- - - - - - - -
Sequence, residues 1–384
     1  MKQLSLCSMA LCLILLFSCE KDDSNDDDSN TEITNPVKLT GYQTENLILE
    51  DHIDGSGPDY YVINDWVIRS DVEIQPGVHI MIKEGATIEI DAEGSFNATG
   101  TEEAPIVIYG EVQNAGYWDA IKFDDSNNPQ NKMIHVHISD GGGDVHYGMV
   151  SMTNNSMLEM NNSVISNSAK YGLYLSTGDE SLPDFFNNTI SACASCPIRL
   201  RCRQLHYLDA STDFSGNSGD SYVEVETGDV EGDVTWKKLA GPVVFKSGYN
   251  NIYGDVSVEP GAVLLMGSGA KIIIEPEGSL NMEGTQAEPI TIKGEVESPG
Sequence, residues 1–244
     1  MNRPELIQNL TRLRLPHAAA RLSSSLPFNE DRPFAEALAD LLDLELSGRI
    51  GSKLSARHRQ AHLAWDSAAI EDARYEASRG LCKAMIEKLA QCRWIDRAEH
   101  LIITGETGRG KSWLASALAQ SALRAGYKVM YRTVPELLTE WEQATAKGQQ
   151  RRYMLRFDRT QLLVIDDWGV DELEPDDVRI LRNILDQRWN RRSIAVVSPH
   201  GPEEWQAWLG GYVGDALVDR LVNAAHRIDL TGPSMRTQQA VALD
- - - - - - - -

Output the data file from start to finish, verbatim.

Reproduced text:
Sequence, residues 1–384
     1  MKQLSLCSMA LCLILLFSCE KDDSNDDDSN TEITNPVKLT GYQTENLILE
    51  DHIDGSGPDY YVINDWVIRS DVEIQPGVHI MIKEGATIEI DAEGSFNATG
   101  TEEAPIVIYG EVQNAGYWDA IKFDDSNNPQ NKMIHVHISD GGGDVHYGMV
   151  SMTNNSMLEM NNSVISNSAK YGLYLSTGDE SLPDFFNNTI SACASCPIRL
   201  RCRQLHYLDA STDFSGNSGD SYVEVETGDV EGDVTWKKLA GPVVFKSGYN
   251  NIYGDVSVEP GAVLLMGSGA KIIIEPEGSL NMEGTQAEPI TIKGEVESPG
Sequence, residues 1–244
     1  MNRPELIQNL TRLRLPHAAA RLSSSLPFNE DRPFAEALAD LLDLELSGRI
    51  GSKLSARHRQ AHLAWDSAAI EDARYEASRG LCKAMIEKLA QCRWIDRAEH
   101  LIITGETGRG KSWLASALAQ SALRAGYKVM YRTVPELLTE WEQATAKGQQ
   151  RRYMLRFDRT QLLVIDDWGV DELEPDDVRI LRNILDQRWN RRSIAVVSPH
   201  GPEEWQAWLG GYVGDALVDR LVNAAHRIDL TGPSMRTQQA VALD